I’m now thinking to myself, what if I said no back in 1994? Would my career have launched? Who knows. But one thing I do know is this is an industry of endless opportunities. It also doesn’t hurt to have a little bit of luck and being in the right place at the right time.
This past week served to be an interesting one not only working with a variety of actors on the set of a movie filming in Boston, but in the selection process for the third outing at the Naval Justice School in September.
When the inquiry came in from the casting company about background work, I was interested because they also wanted to use my car in the film. My first Pontiac Solstice appeared in Justice Is Mind. My second, if it makes the cut, will appear in I Feel Pretty. I particularly liked how they “dressed” my car with New York State tags.
But like the first time I did background work, it’s an opportunity for me to meet new actors and crew. I also wanted to see how they staged and used cars in a large scale production. With the camera setup, it didn’t take long to figure out why the cars were parked across the street.
As a director of course I take this all in on numerous levels. For me it’s like a vacation. I don’t have to worry about anything except showing up and doing what I’m told. Sure I felt a bit like Captain Kirk in Star Trek: Generations, but this wasn’t my ship I was just part of the crew. I will say this, the catering was excellent. Yes, I will judge your production, film or whatever by the type of food you serve. And if it ends with a great cup of coffee, that’s another star in my book.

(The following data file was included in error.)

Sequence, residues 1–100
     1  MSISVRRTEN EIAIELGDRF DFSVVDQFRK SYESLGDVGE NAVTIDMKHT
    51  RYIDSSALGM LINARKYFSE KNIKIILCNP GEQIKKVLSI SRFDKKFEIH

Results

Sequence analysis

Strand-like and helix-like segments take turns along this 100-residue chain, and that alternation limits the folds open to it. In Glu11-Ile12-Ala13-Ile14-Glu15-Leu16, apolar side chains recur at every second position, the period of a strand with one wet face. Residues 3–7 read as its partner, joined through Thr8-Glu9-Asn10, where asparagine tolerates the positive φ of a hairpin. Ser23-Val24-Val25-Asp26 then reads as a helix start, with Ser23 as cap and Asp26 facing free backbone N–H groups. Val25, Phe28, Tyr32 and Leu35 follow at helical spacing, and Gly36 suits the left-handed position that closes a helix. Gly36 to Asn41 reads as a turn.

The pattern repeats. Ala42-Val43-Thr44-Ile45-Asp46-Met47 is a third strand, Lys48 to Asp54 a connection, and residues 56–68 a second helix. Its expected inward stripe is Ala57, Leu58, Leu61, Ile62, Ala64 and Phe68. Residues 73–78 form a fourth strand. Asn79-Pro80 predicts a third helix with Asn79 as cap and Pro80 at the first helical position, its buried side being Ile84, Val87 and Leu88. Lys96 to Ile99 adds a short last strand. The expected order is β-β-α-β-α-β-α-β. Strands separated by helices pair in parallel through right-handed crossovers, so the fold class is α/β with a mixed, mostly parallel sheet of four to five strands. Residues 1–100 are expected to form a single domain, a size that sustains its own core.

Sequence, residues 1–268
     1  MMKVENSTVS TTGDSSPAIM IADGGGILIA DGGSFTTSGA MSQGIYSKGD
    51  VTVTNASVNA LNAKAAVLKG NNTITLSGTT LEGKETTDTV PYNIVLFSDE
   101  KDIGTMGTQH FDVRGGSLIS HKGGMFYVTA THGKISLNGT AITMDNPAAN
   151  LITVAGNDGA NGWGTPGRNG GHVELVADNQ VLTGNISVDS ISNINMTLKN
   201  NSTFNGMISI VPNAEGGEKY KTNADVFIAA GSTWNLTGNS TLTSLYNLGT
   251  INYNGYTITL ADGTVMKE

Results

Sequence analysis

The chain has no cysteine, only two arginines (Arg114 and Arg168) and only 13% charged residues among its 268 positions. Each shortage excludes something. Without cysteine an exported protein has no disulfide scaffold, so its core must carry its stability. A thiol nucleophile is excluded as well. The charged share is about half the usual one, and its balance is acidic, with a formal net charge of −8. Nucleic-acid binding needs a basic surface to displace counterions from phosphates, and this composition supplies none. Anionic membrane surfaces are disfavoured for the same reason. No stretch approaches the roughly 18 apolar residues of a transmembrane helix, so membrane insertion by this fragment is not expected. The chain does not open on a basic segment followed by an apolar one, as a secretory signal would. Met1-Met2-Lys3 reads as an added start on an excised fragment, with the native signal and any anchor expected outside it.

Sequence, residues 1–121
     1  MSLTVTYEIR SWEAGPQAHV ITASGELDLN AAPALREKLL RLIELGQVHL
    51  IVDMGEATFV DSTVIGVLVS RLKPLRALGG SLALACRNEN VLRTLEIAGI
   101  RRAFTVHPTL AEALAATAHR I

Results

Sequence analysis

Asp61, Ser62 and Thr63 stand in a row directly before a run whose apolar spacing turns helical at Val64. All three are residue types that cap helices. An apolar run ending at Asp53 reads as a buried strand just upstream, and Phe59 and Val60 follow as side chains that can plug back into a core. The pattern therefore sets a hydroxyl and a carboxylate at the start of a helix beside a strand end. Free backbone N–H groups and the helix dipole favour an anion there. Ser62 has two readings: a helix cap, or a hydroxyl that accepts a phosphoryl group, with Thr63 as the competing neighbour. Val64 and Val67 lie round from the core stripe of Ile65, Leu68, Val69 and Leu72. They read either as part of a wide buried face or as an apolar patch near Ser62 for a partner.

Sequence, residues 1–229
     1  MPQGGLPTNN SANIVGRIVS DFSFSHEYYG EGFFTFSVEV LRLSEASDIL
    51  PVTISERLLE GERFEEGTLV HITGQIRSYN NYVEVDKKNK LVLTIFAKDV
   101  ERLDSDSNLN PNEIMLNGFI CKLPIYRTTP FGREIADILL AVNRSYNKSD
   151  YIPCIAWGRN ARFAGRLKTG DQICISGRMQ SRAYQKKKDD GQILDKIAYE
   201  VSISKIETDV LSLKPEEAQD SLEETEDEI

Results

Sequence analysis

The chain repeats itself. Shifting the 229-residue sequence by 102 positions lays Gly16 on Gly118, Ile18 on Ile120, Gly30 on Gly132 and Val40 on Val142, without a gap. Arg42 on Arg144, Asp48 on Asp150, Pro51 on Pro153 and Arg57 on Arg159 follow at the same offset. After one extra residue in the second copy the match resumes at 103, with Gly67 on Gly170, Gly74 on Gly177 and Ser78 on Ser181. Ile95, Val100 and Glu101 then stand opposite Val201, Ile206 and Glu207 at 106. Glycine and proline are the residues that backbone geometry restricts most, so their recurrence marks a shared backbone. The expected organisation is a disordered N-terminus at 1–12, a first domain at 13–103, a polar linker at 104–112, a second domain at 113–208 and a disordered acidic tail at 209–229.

But booking is where things turned for the next class at the Naval Justice School. As Site Supervisor, sort of like director, I don’t make the final casting decision but I do recommend. As I mentioned to an actor earlier this week, “Those decisions are made in Washington.” It wasn’t gravitas on my end, the agencies that book the actors are based in the D.C. area.
I am always happy to recommend talent for other productions. If I’ve worked with you and the relationship was a positive one, those recommendations come easy. But if someone I know recommends an actor I haven’t worked with, I’ll forward the information if I like what I see with the caveat that I’ve never worked with this person before. This entire industry is a network. You never know who knows who and it is a terribly small world. It is that small world of industry contacts that had me sign with a new talent agency in New York this week.
While I have representation in the Boston market, I’ve been looking for a national reach for a few months. Let’s just say that some of the conversations and meetings have been beyond interesting and make for great cocktail conversation. But in the case of this new agency, we knew the same talent from a show I worked on over ten years ago, FOX’s Skating with Celebrities.
My point is this. It’s important to be nice whenever you can. Yes, there are sometimes difficult if not impossible people in this industry, but no gig lasts forever. This is an industry of moments and you only get one chance to make a first impression.